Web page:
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This object was called Bird, and it did not have any “support” documents attached to it. This allowed me to establish my own relationship to the object, and I was quite intrigued by it. I got the feeling that this object embodied a very personal iconography and esthetic that I was just on the verge of understanding. There was something delicate and brave about this piece that I wanted to live with. So I bought it.

I asked the young woman (whose name I remember to this day for obvious reasons : Vanessa Swan) who was on duty that day in the Crafts Council gallery about the possibility of my seeing more of Janet Bolton’s stuff. Ms. Swan contacted Ms. Bolton personally. That’s how I got invited to visit Janet Bolton in her home studio the next day:

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I bought three of the works that are in this photograph (directly above):

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Then Janet Bolton made tea and we sat in her breakfast nook that overlooked the back garden, and watched as the friendly neighborhood red fox obligingly trotted out from amongst the bushes for a wander around the flower beds. I mean, does a visit to a London fabric artist get any better than that?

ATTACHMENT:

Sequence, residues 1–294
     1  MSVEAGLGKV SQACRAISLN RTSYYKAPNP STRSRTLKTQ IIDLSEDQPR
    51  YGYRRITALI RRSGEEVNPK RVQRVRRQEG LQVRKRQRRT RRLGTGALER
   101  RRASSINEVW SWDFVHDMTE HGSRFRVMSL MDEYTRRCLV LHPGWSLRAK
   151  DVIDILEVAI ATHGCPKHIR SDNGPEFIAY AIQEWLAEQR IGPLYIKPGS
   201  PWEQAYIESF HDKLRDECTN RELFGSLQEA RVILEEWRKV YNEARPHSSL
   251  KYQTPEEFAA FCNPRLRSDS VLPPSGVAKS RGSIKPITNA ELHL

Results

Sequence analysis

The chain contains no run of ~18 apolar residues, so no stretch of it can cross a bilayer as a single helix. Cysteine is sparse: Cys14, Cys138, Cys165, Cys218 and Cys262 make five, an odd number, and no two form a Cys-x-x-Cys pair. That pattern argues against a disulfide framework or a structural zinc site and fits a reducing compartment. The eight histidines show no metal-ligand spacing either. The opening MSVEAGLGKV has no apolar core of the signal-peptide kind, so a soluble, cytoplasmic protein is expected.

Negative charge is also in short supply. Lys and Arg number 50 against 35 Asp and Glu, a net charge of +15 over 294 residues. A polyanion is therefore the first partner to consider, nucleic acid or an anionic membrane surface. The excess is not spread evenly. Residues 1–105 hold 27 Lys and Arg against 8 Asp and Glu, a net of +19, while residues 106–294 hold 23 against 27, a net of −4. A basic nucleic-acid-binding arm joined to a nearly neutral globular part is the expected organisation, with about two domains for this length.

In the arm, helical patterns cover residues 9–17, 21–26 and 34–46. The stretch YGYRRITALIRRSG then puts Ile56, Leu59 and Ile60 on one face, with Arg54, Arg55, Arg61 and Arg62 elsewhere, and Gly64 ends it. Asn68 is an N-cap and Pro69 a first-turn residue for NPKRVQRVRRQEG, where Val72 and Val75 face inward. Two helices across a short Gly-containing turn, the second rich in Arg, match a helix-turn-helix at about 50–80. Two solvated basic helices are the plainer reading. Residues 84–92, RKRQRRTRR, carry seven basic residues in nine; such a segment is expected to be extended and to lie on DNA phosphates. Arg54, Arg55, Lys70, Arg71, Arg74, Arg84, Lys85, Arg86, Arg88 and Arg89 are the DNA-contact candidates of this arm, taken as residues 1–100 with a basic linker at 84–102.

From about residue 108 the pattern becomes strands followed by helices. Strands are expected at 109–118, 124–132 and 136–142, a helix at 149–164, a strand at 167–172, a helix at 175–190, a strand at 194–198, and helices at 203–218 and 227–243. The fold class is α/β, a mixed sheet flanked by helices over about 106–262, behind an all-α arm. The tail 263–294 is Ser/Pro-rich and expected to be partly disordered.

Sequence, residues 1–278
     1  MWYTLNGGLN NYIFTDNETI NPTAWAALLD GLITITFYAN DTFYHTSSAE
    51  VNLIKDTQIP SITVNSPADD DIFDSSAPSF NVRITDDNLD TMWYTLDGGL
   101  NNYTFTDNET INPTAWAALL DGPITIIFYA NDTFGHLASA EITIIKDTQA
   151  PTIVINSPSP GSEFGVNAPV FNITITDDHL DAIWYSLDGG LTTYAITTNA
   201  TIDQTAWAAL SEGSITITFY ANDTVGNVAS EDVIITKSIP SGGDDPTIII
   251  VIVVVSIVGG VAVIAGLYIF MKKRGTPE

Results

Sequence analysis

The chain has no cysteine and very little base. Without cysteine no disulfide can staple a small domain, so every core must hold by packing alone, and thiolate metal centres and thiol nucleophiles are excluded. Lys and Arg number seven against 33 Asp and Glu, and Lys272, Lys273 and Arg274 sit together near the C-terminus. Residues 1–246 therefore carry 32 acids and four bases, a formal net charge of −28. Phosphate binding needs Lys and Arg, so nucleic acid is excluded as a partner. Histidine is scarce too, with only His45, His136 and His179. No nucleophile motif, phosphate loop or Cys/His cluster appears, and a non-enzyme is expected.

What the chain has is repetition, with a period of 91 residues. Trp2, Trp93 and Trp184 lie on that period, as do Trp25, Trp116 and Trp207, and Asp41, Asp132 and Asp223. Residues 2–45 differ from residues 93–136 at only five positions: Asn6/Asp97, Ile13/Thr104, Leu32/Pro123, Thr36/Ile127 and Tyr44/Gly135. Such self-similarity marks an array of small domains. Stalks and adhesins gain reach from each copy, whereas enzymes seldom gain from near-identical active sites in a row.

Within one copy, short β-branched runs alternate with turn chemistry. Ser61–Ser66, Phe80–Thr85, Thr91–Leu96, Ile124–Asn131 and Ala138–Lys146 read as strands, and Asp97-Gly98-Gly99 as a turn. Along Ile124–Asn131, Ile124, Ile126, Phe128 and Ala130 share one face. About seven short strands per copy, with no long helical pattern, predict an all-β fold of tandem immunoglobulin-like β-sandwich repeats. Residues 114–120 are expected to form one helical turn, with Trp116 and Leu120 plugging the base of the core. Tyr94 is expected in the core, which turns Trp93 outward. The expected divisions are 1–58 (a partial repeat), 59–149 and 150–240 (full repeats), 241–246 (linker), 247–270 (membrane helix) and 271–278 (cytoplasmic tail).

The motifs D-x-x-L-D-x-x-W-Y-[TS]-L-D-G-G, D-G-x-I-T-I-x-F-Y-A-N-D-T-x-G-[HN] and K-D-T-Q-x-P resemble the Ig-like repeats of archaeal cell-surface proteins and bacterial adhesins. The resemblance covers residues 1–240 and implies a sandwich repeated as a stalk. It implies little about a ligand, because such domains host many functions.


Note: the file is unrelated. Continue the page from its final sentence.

Like me, Janet Bolton has gotten famous since 1985. Unlike me, she’s actually pretty well known.

As for the Crafts Council, it has undergone several re-iterations since 1985, becoming ever more diminished in the process. It was moved out of its pricey Pall Mall digs in the 1990s and now it exists, as far as I can determine, as just an address in Islington that storehouses stuff and sponsors exhibits similar to Twelve Tall Tales. Which breaks a little tiny bit of my heart.

The reason I have gone into such a lengthy digression is because this is how I experience London: very, very digressively, because almost everything I see and do London links me to an awareness and consideration of my personal history in a way that, for example, Paris does not. This is because I have never lived in London; I’ve only visited it about 20 times over 40 years. This means that my experience of London, as opposed to that of Paris, is not on a continuum.  My experience of London is quantum: My visits to London have happened at specific, short-term intervals in my life, so that after 40 years I have a collection of memories of London as so many discreet packets of time, after time, after time, etc.

So, while you and I mosey on from The Hospital Club in Covent Garden towards The Strand, keep in mind that it’s been 14 years since I’ve been in London and my head is whirling with all the quantum memories that such a trip down Memory Lane arouses (for the most part, I will spare you the ruminations). It’s now 6 o’clock on a warm and clear Summer evening on August 17, 2016, and we’re at The Savoy for a martini: